One reason Alcoholics Anonymous is successful is that it shuns euphemism. When people say, "I was snockered," or "three sheets to the wind," or "feeling no pain," a discussion leader will politely interrupt: "The word is 'drunk.' "
Florida A&M University, struggling to recover from abusive self-indulgence of another kind, needs such uncompromising self-examination. The historically black university's current hangover started with the death of Robert Champion, a drum major for the famed Marching 100 band who was beaten to death in what's euphemistically called a "hazing" ritual aboard a chartered bus in Orlando after the Florida Classic last November.
But its imbedded problems were festering long before the Champion tragedy, which caused FAMU President James Ammons to indefinitely suspend the band.
A state audit a few years ago showed $43 million in spending that did not go through the board of trustees. A lot of it simply couldn't be accounted for. State property -- from computers to golf carts to receipts for football ticket sales -- was just gone.
The Board of Governors and then-Chancellor Mark Rosenberg set up a task force to straighten out the administration. The university's academic accreditation by the Southern Association of Colleges and Schools was threatened. FAMU kept its accreditation, but SACS is again looking at two of its schools.
A fiscal officer recently left FAMU after it was disclosed that bogus audits were submitted to Ammons and the trustees. Two professors were ousted because they were present during some band hazing, which occurred at the home of one of the men. That off-campus incident was reported to the FAMU police department, which didn't tell Tallahassee police until after the two-year limit on prosecution had expired.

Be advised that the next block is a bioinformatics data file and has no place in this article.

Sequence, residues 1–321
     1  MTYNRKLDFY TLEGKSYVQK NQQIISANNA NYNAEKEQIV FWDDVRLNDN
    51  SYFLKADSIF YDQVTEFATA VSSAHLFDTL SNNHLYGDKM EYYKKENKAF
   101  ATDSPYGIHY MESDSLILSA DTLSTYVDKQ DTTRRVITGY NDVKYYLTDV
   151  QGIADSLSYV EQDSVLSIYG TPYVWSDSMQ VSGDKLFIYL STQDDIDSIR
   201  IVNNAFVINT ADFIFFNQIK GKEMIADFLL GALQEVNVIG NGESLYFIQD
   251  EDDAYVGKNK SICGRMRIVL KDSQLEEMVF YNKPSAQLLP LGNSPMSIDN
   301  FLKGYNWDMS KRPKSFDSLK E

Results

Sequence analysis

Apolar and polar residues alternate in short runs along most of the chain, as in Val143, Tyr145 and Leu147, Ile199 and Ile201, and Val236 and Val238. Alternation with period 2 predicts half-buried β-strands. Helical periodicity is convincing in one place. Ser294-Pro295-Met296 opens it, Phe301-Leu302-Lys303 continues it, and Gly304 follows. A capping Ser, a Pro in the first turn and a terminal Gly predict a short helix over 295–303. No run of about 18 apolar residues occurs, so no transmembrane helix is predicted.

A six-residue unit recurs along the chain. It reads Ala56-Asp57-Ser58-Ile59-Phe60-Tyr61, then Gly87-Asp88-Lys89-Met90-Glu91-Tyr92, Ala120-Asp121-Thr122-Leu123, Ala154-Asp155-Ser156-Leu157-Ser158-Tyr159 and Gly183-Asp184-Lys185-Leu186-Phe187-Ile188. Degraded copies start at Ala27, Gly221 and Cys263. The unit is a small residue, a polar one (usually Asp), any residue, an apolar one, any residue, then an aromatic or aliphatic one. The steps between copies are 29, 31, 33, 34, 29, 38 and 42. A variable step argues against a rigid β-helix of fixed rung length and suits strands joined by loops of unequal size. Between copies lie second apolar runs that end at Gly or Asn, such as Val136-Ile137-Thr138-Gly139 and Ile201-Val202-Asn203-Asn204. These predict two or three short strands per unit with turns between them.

The FAMU trustees reprimanded Ammons last winter and, last week, took an 8-4 vote of "no confidence" in him. Ammons insists he won't resign.
Among things the trustees didn't like was the participation of 101 ineligible students in the band.
FAMU has much to be proud of. It's the national leader, most years, in producing black baccalaureate degrees and outpaces even some Ivy League schools in attracting national merit scholars. Its pharmacy and business schools are nationally respected and its motto "Excellence With Caring" embodies its appeal to thousands of kids who are the first in their families to attend college.
Most colleges benefit from having a large, loyal alumni group spread across the nation, but FAMU suffers from having its fierce defenders. Any criticism is met with cries of racism, complaints about airing dirty linens and claims that the same chaos goes on at most universities.
No, it doesn't.
Ammons last week asked the trustees to hire a special anti-hazing assistant to the president and a compliance officer for the band. He also proposed $800,000 for a "re-branding campaign" to improve FAMU's image, along with promotion of the FAMU public-information officer to vice-presidential status.
It's a shame that FAMU needs to hire executives to make people obey the law or to burnish its image. "Re-branding" is the sort of euphemism Alcoholics Anonymous would never accept.
As every AA member knows, nobody ever solved a problem without frankly confronting it, no matter how painful that is.
Bill Cotterell is a retired reporter of the Florida Capitol press corps. He can be contacted at email@example.com